Big thank you from

local couple caught up in Cancun hurricane

Chris and Ciara forced to flee as Emily strikes Mexico

Ciara McAallister and Chris Kelly. A LOCAL couple have described how their dream holiday turned to terror as the full force of Hurricane Emily struck the Mexican resort of Cancun.Ciara McAallister and Chris Kelly.

The storm, one of the worst to strike Mexico in 88 years forced Chris Kelly (29) from Killowen Grange and his girlfriend Ciara McAllister (28) of Banbridge to flee the luxurious beachfront Riu Cancun Hotel.

The couple who had planned a quiet holiday in idyllic settings overlooking long white beaches and calm seas, were instead forced to spend Sunday night in a local school without power as the Category Four hurricane which had already claimed four lives in the Caribbean battered the coastline.
Winds reaching 135 miles per hour whipped up huge waves as the couple and scores of other tourists sheltered in the building.

Chris, a Manager with Lindsay Cars and Ciara, a buyer for clothing firm Eastwood left for Mexico on July 13 unaware that Emily had the country in its sights. They believed they were going on holiday to enjoy sunny weather and had no idea of the horror about to unfold.

However, two days after their arrival they heard someone say Hurricane Emily was heading for Cancun.

Late on the Saturday night they were told they would have to leave the hotel in the morning.

At 7.30am on Sunday they were wakened by the staff who told them to quickly get ready as they had to leave the hotel. They were told to bring an overnight bag, pillows and blankets.

Holiday makers take shelter in local school. After breakfast they were bussed 10 miles to an overcrowded sports hall. However, when complaints were made about the conditions,

Chris and Ciara along with other hotel guests, were taken to a nearby school.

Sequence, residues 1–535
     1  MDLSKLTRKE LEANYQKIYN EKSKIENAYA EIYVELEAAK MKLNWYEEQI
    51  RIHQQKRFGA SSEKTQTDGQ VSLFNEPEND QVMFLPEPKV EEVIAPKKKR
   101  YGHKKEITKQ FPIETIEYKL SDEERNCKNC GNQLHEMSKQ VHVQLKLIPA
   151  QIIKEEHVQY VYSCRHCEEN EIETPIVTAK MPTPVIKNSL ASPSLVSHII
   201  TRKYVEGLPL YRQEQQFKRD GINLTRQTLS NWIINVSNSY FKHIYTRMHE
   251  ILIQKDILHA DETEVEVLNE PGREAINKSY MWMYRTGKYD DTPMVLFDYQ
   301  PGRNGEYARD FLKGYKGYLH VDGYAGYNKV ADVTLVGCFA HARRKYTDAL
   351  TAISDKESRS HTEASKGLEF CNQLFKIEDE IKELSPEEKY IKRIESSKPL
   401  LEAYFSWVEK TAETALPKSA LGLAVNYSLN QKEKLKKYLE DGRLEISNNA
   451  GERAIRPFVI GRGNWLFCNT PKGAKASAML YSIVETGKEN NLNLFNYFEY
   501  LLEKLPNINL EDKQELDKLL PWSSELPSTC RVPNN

They were left in class-rooms where there were about 30 to 50 people per room.

During the day they walked around while staff from their hotel catered for their needs.

They were offered water, pastries and fruit. They were also able to go to the local supermarket where they first realised how seriously locals were taking the hurricane scare.

They noticed people were stocking up and there were long queues in all the supermarkets.

At 7pm they were told they had to return to the school as the hurricane was about to strike.

By this stage the sky had started to turn black and cloudy as the winds began to pick up.

Earlier Chris helped other guests to tape up the windows of the school.

It was predicted the storm would strike about 10pm but it was almost midnight before Cancun felt the full force of the storm.

The power went out around this time which meant there was no light or air conditioning.

Chris, Ciara and their fellow tourists listened for signs of the hurricane raging through the resort afraid something would strike the school.

Chris had a sleepless night listening to the storms battering through Cancun and the tempest did not begin to die down until around 4.OOam.

Three hours later it rained heavily and people in the school began to move around again.

"When we were taken back to the hotel we discovered the devastation that the hurricane had left behind," said Chris.

"I think it only really hit us the following day just how bad it really had been. At the time we just thought lets just get through this. I think we were very lucky we did not get the worst of it but I certainly would not like to go through that again."

Ulster Star